Poland Keeps Smiling

There was a famous joke in the communist era that the foot (in Polish "foot" and "rate" are homonyms) should be wrapped up in newspaper for it grows the fastest in the press. The origin of the joke was... Read More

Potemkin Protocol

After years of teasing, Russia's lower house today finally ratified the Kyoto Protocol. With approval by the upper house and President Vladimir Putin virtually certain, the treaty -- which requires deep cuts in greenhouse gas emissions by developed countries... Read More

Our Coming Electoral Train Wrecks

Four years ago, Al Gore got half a million more votes than George W. Bush -- about one-half of one percent of the total -- but, thanks to Florida, Bush won the electoral vote. Democrats have been outraged ever... Read More

Let's Pretend

Given the choice between heaven and purgatory, which would you choose? Most rational people would choose heaven. Thus, it wasn't surprising that when given a choice between an idealized urban village and a suburban nowheresville, a survey released by... Read More

News Flash: Nobel Laureate Criticizes Bush Tax Cuts!

"What Bush has done has been not very big, it's pretty small," Prescott told CNBC financial news television. "Tax rates were not cut enough," he said. -- AFP news agency Winners of the Nobel Prize in economics usually are... Read More

From Garden State to Greenhouse State

The state of New Jersey's Department of Environmental Protection appears to be following in the steps of California, ready to classify carbon dioxide as a pollutant in anticipation of future regulation of its production within the state. Carbon dioxide... Read More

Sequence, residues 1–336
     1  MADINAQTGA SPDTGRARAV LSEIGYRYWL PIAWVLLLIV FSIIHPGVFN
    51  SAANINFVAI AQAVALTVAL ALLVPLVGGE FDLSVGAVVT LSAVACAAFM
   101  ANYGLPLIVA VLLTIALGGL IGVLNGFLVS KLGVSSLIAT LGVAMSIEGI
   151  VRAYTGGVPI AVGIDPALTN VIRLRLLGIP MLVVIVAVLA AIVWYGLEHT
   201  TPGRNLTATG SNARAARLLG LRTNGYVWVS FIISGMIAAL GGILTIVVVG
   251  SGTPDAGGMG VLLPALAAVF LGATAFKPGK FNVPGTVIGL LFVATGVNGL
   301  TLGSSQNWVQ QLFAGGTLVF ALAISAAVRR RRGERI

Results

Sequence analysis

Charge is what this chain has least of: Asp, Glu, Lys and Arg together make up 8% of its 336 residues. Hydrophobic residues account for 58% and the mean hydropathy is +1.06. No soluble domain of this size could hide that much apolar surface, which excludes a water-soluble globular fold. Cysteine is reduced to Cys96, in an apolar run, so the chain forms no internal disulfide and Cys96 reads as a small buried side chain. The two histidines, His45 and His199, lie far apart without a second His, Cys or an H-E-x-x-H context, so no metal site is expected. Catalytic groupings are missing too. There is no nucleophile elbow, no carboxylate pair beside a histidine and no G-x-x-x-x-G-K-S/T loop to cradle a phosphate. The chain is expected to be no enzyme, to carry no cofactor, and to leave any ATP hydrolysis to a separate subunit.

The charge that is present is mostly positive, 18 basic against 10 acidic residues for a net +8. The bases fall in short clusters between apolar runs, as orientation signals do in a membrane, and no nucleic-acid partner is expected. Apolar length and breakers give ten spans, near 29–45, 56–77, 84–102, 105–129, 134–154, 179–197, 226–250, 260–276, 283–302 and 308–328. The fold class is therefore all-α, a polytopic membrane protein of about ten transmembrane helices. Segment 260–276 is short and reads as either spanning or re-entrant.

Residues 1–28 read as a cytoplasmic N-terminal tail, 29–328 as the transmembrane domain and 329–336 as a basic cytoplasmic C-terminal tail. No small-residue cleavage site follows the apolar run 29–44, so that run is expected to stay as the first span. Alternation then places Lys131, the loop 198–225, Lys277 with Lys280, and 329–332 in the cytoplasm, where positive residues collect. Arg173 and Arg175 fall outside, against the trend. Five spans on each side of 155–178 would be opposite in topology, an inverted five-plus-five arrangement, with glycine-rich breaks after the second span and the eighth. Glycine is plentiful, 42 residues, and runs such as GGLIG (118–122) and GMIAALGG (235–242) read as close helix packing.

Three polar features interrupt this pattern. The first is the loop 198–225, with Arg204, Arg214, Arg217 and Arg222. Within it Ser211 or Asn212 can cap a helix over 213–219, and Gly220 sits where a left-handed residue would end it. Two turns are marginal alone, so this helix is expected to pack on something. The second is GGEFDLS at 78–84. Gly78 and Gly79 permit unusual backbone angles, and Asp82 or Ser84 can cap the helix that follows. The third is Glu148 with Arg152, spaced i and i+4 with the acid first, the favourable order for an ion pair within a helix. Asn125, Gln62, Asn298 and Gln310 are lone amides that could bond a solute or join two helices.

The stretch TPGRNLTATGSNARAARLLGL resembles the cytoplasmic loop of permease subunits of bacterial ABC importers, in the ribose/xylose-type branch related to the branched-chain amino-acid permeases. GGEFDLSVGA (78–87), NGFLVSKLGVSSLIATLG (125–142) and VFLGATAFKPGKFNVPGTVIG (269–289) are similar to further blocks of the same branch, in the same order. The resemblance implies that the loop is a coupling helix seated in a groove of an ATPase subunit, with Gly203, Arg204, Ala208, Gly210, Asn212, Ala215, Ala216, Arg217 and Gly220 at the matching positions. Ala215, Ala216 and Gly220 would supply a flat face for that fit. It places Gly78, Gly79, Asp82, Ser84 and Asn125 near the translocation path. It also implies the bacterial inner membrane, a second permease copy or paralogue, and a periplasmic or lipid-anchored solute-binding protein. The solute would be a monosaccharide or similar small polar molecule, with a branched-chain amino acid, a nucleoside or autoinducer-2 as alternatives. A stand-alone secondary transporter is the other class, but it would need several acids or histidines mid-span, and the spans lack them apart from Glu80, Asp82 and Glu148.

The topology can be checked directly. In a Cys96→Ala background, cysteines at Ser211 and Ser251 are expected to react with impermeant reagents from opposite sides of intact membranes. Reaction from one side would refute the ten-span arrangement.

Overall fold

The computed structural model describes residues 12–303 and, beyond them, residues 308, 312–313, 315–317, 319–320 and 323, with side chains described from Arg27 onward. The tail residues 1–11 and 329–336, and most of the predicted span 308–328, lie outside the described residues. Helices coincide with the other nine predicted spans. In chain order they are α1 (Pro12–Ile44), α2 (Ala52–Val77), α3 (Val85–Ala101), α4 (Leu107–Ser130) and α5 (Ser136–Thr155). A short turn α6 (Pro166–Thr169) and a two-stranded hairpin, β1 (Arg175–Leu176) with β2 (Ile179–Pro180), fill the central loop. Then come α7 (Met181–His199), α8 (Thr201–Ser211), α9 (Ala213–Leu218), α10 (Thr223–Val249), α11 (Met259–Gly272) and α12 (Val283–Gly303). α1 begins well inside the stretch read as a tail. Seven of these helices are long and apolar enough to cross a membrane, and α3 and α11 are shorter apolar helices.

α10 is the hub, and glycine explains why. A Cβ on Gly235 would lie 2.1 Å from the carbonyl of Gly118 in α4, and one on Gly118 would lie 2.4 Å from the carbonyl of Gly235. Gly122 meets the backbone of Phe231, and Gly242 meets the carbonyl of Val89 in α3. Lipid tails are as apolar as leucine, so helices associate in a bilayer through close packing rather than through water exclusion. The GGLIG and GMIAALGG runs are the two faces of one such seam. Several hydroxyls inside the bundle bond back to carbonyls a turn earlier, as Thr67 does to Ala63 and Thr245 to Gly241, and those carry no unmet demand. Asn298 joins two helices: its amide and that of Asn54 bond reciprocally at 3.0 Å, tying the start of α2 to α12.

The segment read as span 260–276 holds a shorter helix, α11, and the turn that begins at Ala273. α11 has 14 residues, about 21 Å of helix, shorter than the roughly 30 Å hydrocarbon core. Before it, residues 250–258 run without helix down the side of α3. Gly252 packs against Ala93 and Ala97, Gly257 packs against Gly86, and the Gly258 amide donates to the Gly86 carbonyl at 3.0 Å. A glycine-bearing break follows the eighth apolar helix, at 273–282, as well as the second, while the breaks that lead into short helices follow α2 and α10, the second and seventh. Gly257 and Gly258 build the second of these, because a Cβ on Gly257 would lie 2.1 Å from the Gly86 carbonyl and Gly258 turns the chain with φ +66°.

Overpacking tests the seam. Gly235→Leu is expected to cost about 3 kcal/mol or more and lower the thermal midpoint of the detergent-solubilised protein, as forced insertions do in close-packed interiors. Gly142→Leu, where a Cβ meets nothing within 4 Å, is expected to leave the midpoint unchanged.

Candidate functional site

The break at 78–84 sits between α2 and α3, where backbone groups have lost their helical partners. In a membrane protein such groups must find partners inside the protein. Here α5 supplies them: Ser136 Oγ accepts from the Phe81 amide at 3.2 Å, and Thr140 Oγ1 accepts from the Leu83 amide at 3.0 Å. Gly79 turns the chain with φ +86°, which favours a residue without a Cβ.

The Media's Shrinking Free-Speech Zone

Dan Rather, call your office. If the Democratic National Committee gets its way, it may not be long before the anchor of "CBS Evening News" or his bosses could be hauled before the feds and fined for making illegal... Read More

Taxes, Deficits and War: the History Lessons

John Kerry has repeatedly accused George W. Bush of being the first president in American history to cut taxes during a time of war. First, let's deal with Senator Kerry's factual error before we get on to his philosophical... Read More

Pro-Growth or Pro-Pork?

There have hardly ever been tax bills in Congress that received press as bad as the latest international tax bill. The New York Times wrote that this bill "gave something to almost everyone." The Washington Post noted that the... Read More

Re-Inventing the Flu Vaccine

If ya wanna make a flu vaccine, ya gotta break a few eggs. Actually, over a million. The current "hen oviduct bioreactor technology" (a.k.a., using eggs) takes up to nine months in its entirety. That means if health authorities... Read More